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J Sch Health. 2013 Oct;83(10):728-33. doi: 10.1111/josh.12087.

The nutritional role of flavored and white milk in the diets of children.

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Professor, (, Children's Nutrition Research Center, Baylor College of Medicine, Department of Pediatrics, 1100 Bates Avenue, Houston, TX 77030.



Some schools are removing flavored milk from lunchrooms based on the perception that consumption has a negative impact on the overall dietary quality. The goal of this study was to assess the contribution of flavored and white milk in the diets of children.


Intake data from children 2 to 18 years (N = 7332) participating in the National Health and Nutrition Examination Survey (NHANES) 2003-2006 were obtained from in-person 24-hour dietary recalls. Mean ± standard error of energy and nutrients were determined.


Flavored and white milk contributed, respectively, 2-6% of total energy consumed, 3-12% of saturated fats, 1-3% of sodium, and 4-0% of added sugars. The percent contribution of white milk to intakes of vitamin A (21%), vitamin D (54%), calcium (29%), potassium (17%), magnesium (12%), and phosphorus (19%) exceeded 10% of total intake. Consumption of flavored milk contributed a smaller percentage to total intake. For total dairy consumed the percent contribution to intake of vitamins A and D, calcium, potassium, magnesium, and phosphorus ranged from 19% to 68%.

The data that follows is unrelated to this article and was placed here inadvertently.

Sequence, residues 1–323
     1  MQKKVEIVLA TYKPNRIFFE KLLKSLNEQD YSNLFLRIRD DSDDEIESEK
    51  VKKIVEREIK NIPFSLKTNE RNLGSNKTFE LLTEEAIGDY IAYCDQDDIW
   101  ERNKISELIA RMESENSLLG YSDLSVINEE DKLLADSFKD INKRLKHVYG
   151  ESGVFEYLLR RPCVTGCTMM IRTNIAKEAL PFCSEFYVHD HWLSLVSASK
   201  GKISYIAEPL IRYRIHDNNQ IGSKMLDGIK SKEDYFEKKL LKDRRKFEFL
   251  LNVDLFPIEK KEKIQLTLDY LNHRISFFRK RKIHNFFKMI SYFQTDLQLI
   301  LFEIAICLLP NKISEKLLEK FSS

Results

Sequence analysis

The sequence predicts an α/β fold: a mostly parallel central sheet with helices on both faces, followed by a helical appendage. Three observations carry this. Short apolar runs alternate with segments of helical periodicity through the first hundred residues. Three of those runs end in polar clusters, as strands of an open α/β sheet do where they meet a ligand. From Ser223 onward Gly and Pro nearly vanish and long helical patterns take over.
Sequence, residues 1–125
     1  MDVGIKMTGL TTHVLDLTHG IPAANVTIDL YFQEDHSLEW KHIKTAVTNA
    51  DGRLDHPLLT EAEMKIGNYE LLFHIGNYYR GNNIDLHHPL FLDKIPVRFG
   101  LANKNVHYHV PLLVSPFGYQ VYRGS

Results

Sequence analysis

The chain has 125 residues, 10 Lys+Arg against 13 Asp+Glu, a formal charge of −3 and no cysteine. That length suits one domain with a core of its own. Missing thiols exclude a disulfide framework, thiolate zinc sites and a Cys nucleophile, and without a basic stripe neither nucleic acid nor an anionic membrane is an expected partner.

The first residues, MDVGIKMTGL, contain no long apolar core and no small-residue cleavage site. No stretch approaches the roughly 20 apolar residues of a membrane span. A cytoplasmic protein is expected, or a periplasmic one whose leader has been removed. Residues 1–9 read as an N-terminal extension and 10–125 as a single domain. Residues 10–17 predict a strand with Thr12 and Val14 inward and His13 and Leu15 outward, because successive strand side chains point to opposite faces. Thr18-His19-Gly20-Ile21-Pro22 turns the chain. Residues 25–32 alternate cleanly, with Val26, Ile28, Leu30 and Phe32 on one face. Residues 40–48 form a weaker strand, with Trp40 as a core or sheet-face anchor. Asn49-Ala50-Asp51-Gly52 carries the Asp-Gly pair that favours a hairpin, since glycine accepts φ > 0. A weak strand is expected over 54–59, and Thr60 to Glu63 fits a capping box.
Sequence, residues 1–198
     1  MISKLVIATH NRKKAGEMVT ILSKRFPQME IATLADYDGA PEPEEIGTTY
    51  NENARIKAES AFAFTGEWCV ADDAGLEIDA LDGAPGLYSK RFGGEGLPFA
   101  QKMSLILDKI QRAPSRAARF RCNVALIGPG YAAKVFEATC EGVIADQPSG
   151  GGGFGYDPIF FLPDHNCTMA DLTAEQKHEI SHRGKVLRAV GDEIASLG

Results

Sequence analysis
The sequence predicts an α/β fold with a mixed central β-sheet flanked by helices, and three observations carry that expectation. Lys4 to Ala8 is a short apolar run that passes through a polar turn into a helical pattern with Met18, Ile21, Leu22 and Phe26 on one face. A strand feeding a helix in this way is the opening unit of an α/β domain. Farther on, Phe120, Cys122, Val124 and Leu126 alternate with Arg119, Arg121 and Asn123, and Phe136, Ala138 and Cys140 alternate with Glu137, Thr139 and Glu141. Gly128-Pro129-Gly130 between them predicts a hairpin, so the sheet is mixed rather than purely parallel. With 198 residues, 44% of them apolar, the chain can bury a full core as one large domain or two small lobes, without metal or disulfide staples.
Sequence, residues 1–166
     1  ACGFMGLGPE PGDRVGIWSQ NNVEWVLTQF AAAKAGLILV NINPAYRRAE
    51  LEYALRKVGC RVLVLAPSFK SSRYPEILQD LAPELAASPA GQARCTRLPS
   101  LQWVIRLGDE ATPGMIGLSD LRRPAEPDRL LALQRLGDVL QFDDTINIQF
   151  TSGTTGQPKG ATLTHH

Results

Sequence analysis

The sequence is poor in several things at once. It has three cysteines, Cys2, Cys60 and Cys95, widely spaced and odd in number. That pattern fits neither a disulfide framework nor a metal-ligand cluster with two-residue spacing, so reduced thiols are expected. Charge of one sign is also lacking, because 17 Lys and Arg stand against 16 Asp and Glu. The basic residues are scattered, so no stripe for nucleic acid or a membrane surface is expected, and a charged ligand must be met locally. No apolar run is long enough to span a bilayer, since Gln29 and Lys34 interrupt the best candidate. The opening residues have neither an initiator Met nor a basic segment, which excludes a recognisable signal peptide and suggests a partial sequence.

Milk has an important nutritional role in the diets of children. More research is needed to understand the barriers to consuming milk and potential unintended nutrition consequences of removing flavored milk from the lunchrooms.


child and adolescent health; milk consumption; nutrition and diet

[Indexed for MEDLINE]

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